These two tri-colored glazed statues were painted and outlined in gold, which enhances the art expression of tri-colored glazed pottery figurines.
 
Jade ware Exhibition Hall
Jade artifacts are very special in Chinese history and culture. In the late period of primitive society, the craftsmanship of jade articles has reached a very high level and formed its unique characteristics during more than 7000 years of development. In ancient times, jade was not only used for decoration, but also a symbol of wealth and power, as well as a sacrifice to heaven, earth and Go. Due to its unique qualities and pure natural features, the ancients made jade an , embodiment of noble human beings. As a saying goes that the noble man would not give away jade without any reasons. Therefore, jade was widely used in people’s lives and became a symbol of belief and beauty. Xi’an was a very important place for jade production. This is reflected in Han Shu (History of the Former Han Dynasty), a great work in the ancient times, which says that Lantian Mountain (a mountain in the city of Xi’an) was famous for producing a large amount of beautiful jade. Thousands of years of jade-making tradition made Xi'an rich in jade relics. The jade dagger-axe from the Shang Dynasty and Jade cups unearthed in the relics of Epang Palace are elaborate articles. The collection here includes pieces of jade that were used in different ways, such as ritual, sacrifice, wearing, display, decoration and burial. These articles reflect the different perception of jade during different times in Chinese history.
 
The jade cup unearthed from the remains of Qin's E'fang Palace, must be an imperial object because of its big volume and fantastic art feature. It bears different kinds of emblazonries on its four bedding surface. This bucked-shaped jade cup, grandly and gracefully made; transparent and glossy, in green and a little bit yellow; exquisitely rubbed and polished, is curiosa among jade articles.
 
Display Cabinet One
Here is one jade Bi carved with two Kui dragons. Bi is a kind of ring jade, of which the width is bigger than the radius of the hole. There were many different kinds of jade Bi in a big number before Qin and Han dynasties. It became declined after Qin and Han.
 
Jade Bi signifies the Sun and heaven, presents the idea of round heaven. It is used as a ritual object for worshiping heaven. As a symbol of power, it can be baldric, gift and a pledge in social communication as well.
Jade Cong, a column-shaped article, is square outside, round and hollow inside. Many pieces of jade Cong, unearthed from Neolithic age, were carved with mysterious patterns and made by a high manufacture level. It was rarely found after Zhou Dynasty.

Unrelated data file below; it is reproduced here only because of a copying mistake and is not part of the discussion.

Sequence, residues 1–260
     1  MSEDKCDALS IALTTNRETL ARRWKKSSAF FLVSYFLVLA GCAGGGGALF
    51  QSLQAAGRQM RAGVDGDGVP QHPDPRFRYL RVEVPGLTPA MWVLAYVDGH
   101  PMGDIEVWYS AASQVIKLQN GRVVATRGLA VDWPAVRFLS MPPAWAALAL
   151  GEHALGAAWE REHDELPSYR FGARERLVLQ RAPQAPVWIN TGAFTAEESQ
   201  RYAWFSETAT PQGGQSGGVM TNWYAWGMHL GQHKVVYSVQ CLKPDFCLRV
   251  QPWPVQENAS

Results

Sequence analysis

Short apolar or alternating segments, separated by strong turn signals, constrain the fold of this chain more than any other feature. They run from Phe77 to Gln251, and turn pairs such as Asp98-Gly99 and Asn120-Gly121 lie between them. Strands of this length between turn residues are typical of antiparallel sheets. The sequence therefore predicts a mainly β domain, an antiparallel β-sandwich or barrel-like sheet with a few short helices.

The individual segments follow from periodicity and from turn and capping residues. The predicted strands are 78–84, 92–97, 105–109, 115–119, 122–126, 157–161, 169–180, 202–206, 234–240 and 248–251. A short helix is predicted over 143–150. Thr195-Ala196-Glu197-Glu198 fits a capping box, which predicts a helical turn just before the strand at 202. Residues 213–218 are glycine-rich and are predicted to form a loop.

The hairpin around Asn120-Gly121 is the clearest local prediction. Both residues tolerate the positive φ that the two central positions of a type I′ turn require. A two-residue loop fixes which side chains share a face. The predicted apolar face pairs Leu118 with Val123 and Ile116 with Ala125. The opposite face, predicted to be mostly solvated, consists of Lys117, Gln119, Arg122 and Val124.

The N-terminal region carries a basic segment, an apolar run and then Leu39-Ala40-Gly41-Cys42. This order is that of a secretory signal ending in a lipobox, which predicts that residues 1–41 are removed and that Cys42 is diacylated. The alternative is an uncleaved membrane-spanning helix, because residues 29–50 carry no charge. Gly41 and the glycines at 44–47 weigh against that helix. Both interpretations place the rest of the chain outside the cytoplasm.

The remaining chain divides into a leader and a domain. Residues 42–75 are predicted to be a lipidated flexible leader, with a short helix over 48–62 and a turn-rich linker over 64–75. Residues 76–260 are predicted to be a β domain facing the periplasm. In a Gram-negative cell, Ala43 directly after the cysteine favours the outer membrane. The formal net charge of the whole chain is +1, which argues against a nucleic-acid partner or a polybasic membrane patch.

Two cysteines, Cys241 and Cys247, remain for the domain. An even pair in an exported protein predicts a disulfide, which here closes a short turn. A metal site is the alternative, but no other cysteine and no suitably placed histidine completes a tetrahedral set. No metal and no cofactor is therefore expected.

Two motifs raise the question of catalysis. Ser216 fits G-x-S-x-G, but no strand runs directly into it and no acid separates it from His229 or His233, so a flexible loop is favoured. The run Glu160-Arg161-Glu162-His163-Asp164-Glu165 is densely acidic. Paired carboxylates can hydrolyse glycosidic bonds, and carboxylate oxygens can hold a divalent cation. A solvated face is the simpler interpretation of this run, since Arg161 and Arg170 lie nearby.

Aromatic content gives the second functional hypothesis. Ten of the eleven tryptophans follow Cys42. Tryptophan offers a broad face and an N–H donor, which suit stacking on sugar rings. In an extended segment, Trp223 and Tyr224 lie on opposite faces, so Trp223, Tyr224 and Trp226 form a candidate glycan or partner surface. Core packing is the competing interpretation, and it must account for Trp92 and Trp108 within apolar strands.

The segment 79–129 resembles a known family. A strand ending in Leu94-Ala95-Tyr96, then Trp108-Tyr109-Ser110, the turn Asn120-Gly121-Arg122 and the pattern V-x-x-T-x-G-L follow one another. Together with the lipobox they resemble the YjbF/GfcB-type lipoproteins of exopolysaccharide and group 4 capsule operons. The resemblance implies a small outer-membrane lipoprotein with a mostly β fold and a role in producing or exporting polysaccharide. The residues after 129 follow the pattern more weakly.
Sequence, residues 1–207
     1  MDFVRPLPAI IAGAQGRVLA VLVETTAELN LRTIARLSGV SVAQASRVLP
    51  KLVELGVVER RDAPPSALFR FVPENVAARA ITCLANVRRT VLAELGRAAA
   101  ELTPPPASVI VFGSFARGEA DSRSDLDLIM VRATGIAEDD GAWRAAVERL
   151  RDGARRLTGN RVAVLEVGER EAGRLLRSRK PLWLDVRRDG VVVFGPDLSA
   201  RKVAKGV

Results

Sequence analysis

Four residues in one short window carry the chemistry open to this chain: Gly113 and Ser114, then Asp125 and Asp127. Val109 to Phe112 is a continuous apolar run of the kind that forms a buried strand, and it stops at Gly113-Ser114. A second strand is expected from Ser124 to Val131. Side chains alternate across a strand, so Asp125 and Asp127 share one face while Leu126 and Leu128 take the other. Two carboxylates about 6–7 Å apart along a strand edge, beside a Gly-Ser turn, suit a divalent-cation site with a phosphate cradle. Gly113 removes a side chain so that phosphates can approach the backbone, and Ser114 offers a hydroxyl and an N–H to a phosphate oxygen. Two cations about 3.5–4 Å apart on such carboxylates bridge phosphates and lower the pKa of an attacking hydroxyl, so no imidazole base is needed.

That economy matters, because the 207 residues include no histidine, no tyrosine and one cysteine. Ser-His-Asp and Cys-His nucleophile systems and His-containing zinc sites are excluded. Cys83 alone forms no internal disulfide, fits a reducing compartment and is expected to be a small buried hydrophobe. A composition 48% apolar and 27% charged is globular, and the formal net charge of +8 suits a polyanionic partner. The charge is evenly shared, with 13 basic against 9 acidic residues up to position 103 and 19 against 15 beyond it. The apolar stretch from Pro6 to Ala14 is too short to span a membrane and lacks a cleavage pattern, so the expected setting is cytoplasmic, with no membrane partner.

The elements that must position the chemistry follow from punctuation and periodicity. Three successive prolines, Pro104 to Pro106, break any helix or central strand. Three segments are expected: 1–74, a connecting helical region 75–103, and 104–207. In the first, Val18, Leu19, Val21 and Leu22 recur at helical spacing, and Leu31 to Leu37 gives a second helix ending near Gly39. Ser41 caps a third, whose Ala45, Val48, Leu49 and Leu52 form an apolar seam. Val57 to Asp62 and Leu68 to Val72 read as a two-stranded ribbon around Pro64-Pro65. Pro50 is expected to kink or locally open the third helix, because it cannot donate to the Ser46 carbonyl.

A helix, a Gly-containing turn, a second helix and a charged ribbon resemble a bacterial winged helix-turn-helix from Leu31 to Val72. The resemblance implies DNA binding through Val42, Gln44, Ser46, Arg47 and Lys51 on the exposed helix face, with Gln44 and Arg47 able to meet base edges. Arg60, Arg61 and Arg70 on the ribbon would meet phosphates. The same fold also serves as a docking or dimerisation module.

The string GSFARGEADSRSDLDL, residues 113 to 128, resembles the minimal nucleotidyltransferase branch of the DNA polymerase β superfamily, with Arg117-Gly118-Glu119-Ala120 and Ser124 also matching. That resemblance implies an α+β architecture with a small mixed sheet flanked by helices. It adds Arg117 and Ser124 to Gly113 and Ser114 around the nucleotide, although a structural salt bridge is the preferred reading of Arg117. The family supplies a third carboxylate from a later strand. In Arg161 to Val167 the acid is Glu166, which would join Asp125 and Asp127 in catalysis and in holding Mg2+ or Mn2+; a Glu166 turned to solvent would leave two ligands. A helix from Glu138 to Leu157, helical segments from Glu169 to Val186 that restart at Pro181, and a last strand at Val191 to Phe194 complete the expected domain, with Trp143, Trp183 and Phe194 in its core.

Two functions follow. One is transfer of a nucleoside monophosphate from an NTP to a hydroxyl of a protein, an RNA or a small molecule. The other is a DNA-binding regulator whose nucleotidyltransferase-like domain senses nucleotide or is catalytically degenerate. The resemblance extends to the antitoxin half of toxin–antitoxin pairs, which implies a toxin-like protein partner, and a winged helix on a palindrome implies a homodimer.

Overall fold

According to ancient document account, Jade Cong had many functions. It was used to worship the earth, was considered as a ritual object to connect the heaven and the earth.
 
Display Cabinet Two
Here is a Jade Yuan with cereals pattern. Jade Yuan is another kind of ring jade, different from Bi. The width of a Jade Yuan is the same as the radius of the hole. During early Qin time, when a king was going to call in a duke, a Jade Yuan was used as a pledge. Cereals pattern means a lucky year and a good harvest.
 
Display Cabinet Three
Jade axes are on display here. Jade axe, strictly was not a practical weapon, actually a symbol of military power and used for sacrifice and ceremony. Jade weapons originated from middle Neolithic age, later became ritual object. Over a hundred jade weapons were unearthed from some big tombs, which show that jade weapons can be a symbol of wealth as well. Jade weapons gradually became ceremonial weapons used by emperors and aristocrats, and taken to grade different social status. Jade weapons mainly include: curved knife, axe, knife, spear and dagger. Those jade axes so far discovered are well grinded and polished without chopping remains.
 
There are jade Zhang here, popular in Shang and Zhou dynasties. Zhang is different in its top. One has a bevel edged top. Another may carry a square cylinder top. Surfaces of Jade Zhang are always carved with animal face patterns. According to document account, Jade Zhang was used to worship the god of south, mountains and rivers.
 
Display Cabinet Four
Here is Jade ornaments area.
In ancient times, most of the jade wares were used for ornamentation, which is the mainstream of Chinese jade art. Jade ornaments can be worn on hat, hair, ear, neck, and waist. Most of the wares had a hole to go through. Many of the jade ornaments were of pure quality with fine design and craftsmanship.
Jade Ji is a hair pin. Men tied hair on top of head, with a hair pin placed horizontally in hair and made hair neat in ancient time. Jade Ji first originated from Liangchu time, are still used today. It is generally thin, long cone-shaped and polished, with a bigger top and a smaller end. Some get patterns on top. A man got his puberty rite at the age of 18, and began to wear his hair pin. Jade Ji was always owned by an aristocrat.